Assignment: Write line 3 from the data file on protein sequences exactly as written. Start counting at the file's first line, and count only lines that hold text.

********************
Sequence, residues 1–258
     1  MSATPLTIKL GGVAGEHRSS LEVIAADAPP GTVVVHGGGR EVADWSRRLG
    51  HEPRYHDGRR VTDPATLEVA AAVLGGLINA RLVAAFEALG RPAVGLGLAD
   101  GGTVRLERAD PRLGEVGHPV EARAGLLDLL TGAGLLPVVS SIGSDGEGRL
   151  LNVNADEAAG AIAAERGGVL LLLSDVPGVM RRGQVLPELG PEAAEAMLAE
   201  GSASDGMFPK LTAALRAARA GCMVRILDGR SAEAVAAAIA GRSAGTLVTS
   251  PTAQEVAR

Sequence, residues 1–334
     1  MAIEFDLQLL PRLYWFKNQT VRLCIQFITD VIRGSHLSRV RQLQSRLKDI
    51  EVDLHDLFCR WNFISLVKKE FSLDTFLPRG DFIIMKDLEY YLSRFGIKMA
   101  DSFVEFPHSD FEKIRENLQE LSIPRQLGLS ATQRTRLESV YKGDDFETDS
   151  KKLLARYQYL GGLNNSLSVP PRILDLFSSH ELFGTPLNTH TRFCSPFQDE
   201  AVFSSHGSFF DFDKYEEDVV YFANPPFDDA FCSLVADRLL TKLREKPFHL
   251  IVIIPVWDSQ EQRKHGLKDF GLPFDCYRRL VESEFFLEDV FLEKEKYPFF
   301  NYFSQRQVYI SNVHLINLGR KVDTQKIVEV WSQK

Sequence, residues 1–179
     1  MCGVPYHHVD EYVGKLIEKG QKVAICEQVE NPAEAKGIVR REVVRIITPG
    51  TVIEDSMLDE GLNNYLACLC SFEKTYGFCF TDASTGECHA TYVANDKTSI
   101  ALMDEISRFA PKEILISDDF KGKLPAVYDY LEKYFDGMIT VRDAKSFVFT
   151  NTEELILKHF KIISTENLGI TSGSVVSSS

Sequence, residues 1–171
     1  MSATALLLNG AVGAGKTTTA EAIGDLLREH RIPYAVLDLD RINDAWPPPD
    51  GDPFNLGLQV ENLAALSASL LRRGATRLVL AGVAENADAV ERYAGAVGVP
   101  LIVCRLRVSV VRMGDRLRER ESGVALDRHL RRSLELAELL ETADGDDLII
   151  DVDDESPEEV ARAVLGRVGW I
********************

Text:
    51  HEPRYHDGRR VTDPATLEVA AAVLGGLINA RLVAAFEALG RPAVGLGLAD